Tesla’s Supercharger network is far superior to every other existing charging network. Why? Tesla chargers are located in useful places. They almost always work. There are many of them. These facts cannot really be said of any other charging network.
Credit to InsideEvs, which spotted this White House fact sheet, which all but confirmed what we’d long suspected: Tesla is going to open up to its vast Supercharger network to non-Tesla EV drivers. Specifically:
Tesla is expanding production capacity of power electronics components that convert alternating current to direct current, charging cabinets, posts and cables. Later this year, Tesla will begin production of new Supercharger equipment that will enable non-Tesla EV drivers in North America to use Tesla Superchargers.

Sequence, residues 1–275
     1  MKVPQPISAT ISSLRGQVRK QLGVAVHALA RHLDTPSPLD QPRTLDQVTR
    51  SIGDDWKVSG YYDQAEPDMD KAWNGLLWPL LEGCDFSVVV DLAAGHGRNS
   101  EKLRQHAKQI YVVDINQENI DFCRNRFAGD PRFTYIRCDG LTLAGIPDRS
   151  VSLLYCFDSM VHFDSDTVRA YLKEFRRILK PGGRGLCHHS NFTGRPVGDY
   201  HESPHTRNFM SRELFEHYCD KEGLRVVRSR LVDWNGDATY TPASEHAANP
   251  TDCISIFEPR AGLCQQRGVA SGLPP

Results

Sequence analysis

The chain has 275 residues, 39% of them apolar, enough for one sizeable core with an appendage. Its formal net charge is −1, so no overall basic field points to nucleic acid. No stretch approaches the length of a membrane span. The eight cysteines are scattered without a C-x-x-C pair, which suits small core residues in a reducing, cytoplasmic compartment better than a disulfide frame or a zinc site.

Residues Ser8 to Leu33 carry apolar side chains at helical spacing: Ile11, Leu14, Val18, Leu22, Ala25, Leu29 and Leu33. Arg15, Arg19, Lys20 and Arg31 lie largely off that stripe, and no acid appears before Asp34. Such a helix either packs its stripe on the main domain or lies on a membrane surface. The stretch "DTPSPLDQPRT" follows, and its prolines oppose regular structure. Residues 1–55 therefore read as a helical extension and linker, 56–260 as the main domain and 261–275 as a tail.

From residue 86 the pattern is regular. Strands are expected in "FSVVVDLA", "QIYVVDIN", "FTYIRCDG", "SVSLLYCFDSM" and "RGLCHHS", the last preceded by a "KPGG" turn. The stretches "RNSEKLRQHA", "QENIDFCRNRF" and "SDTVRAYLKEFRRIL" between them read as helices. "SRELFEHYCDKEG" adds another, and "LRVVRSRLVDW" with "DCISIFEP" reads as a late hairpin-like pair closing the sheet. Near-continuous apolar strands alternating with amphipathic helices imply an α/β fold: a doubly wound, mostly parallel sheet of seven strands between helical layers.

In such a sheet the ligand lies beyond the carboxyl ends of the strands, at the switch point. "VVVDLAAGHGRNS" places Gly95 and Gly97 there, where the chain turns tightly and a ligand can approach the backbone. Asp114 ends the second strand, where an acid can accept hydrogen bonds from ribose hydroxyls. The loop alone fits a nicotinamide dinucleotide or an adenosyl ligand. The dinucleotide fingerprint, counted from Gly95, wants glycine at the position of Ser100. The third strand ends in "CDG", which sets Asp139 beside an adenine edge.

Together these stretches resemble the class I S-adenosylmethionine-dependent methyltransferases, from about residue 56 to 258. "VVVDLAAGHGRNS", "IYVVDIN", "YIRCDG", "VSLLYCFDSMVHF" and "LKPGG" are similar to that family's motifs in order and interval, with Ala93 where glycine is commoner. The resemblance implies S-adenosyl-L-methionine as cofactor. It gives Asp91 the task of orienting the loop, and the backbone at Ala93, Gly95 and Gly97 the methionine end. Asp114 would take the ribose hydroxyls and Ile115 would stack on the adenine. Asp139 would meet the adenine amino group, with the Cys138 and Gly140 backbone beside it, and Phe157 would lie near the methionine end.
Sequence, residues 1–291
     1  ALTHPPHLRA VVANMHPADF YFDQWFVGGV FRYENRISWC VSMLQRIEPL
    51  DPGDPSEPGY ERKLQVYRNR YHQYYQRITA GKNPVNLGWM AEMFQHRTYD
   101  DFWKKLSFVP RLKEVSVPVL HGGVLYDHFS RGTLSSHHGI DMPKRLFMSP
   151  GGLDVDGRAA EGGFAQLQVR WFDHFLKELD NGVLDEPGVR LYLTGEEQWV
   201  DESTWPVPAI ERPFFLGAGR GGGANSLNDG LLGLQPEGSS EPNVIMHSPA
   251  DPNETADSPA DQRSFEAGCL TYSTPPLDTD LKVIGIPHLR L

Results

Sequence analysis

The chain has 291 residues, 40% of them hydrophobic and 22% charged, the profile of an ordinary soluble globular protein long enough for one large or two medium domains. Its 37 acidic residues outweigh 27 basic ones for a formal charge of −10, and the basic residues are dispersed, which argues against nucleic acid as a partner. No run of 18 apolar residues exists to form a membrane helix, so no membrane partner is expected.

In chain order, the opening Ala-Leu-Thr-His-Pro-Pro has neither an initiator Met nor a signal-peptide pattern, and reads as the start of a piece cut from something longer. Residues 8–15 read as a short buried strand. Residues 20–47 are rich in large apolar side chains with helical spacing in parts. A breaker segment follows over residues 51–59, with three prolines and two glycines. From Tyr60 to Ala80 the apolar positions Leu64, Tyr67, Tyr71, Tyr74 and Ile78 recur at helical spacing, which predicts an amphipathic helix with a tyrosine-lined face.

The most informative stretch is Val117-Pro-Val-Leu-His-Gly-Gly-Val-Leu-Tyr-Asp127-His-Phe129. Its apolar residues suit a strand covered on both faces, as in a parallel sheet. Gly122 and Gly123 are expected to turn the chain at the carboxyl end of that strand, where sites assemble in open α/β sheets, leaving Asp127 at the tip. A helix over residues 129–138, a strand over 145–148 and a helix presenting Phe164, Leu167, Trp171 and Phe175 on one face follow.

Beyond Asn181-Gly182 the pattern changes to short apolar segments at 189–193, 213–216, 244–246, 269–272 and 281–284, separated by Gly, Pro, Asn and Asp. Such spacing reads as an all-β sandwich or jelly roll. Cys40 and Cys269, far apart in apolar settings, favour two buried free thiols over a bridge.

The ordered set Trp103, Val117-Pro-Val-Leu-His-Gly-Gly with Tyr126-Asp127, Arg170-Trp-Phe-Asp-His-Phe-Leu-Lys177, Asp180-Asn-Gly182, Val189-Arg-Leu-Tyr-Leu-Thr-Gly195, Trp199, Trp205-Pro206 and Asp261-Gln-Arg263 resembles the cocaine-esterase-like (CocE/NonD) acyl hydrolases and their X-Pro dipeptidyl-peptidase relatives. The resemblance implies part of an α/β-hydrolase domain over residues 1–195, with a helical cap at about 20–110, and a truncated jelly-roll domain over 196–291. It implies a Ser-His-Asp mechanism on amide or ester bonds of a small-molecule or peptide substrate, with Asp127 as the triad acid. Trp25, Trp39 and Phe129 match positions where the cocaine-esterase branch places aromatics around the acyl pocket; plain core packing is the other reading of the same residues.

There’s already been a pilot program of this in Europe and, of course, with a CCS adapter you can charge your Tesla on most CCS charger networks(Electrify America, ChargePoint). This is, seemingly, good for everyone.
Allow me to explain:
- Access to a reliable grid in places there are currently not chargers, or not many chargers.
- Competition for Electrify America and Chargepoint that, hopefully, encourages them to improve reliability and access.
- The kind of inoperability that EV adoption is going to require.
- To use their service, likely, you’ll need to download their app. The data given to Tesla will be enormous to them.
- Money. Tesla is a company. It needs to make money.
- Always nice to have buddies at the charging station I suppose?
The major downside here, probably, is for anyone smug about the superiority of their network (some CCS chargers are faster, slightly, than Superchargers). There’s also the possibility of increased traffic at Superchargers, but it’s a small price to pay for buddies.